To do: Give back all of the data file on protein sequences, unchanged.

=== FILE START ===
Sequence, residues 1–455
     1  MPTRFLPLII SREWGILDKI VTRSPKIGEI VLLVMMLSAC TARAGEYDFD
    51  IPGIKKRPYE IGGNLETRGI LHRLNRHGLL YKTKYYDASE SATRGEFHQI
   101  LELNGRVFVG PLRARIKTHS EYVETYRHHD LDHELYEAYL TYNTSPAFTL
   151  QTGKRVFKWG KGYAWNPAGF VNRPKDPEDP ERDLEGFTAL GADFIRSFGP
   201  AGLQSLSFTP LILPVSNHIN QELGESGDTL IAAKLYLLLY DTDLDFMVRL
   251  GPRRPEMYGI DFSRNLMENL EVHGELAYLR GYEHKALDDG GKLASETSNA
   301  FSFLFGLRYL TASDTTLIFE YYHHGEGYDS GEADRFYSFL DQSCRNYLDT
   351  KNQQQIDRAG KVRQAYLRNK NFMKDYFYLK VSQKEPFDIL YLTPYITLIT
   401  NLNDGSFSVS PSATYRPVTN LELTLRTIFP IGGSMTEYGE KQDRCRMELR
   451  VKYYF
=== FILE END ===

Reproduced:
Sequence, residues 1–455
     1  MPTRFLPLII SREWGILDKI VTRSPKIGEI VLLVMMLSAC TARAGEYDFD
    51  IPGIKKRPYE IGGNLETRGI LHRLNRHGLL YKTKYYDASE SATRGEFHQI
   101  LELNGRVFVG PLRARIKTHS EYVETYRHHD LDHELYEAYL TYNTSPAFTL
   151  QTGKRVFKWG KGYAWNPAGF VNRPKDPEDP ERDLEGFTAL GADFIRSFGP
   201  AGLQSLSFTP LILPVSNHIN QELGESGDTL IAAKLYLLLY DTDLDFMVRL
   251  GPRRPEMYGI DFSRNLMENL EVHGELAYLR GYEHKALDDG GKLASETSNA
   301  FSFLFGLRYL TASDTTLIFE YYHHGEGYDS GEADRFYSFL DQSCRNYLDT
   351  KNQQQIDRAG KVRQAYLRNK NFMKDYFYLK VSQKEPFDIL YLTPYITLIT
   401  NLNDGSFSVS PSATYRPVTN LELTLRTIFP IGGSMTEYGE KQDRCRMELR
   451  VKYYF